- Several tornado outbreaks occurred during April, contributing to an above-average tornado count for April.
- Severe weather across the Southeast on April 5 produced more than 100 reports of tornadoes, including an EF4 tornado in Pembroke, GA.
- On April 12, severe storms across central Texas produced a 5.6-inch diameter hailstone and an EF3 tornado in Salado, TX.
- Severe weather across the Plains on April 29 produced tornadoes in Nebraska and Kansas, including an EF3 in Andover, KS.
- According to the May 3 U.S. Drought Monitor report, 53.8 percent of the contiguous U.S. was in drought, down about 4 percentage points from the end of March. Drought conditions expanded or intensified across portions of the West, central Plains and Deep South. Drought contracted or was eliminated across portions of the lower Mississippi Valley, the Great Lakes, the Northern Rockies and Plains, and Pacific Northwest, and across portions of Hawaii.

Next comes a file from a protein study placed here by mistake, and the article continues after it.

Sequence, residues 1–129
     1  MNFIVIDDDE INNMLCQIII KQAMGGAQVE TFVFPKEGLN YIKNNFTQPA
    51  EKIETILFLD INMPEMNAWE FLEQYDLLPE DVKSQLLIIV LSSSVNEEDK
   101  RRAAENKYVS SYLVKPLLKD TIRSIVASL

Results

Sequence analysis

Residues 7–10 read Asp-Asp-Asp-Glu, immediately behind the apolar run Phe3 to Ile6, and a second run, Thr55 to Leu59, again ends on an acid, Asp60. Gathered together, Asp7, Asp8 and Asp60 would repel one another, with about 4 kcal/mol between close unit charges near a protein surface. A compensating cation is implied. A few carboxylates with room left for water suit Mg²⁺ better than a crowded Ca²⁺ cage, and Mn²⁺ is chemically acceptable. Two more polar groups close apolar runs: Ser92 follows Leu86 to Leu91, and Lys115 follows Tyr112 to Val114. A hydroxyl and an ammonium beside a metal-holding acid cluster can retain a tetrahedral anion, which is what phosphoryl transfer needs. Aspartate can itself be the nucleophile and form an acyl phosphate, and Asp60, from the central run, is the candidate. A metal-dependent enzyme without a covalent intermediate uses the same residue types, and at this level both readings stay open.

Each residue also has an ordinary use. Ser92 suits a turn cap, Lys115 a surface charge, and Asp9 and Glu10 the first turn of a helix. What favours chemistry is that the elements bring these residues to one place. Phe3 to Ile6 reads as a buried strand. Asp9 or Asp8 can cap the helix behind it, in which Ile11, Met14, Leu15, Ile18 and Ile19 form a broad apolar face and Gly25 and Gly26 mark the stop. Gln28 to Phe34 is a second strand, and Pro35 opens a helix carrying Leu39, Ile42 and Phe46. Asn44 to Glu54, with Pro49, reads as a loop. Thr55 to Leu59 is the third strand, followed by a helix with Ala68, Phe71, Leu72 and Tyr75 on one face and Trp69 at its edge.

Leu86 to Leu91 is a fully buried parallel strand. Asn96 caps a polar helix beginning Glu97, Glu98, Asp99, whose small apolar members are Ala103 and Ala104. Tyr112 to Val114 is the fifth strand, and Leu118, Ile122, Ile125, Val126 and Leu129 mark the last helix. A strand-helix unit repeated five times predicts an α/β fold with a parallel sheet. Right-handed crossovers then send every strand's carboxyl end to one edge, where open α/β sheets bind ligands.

- Dry and windy conditions across the Southwest and Plains contributed to an active start to the wildfire season. As of May 3, the largest fire across the U.S., the Hermits Peak Fire in New Mexico, consumed more than 145,000 acres and was 20 percent contained. Across all 50 states, 1.1 million acres have burned from January 1 through May 3 — 160% of average for this time of year.
- On April 29, a NOAA satellite captured visible images of the wildfires in New Mexico and a Colorado dust storm resulting from dry conditions and strong winds that occurred across the High Plains.
- April is climatologically one of the driest months of the year across Alaska. Even so, the state of Alaska, as a whole, ranked as the fourth-driest April in the 98-year record. All regions other than the North Slope received below-average precipitation for the month.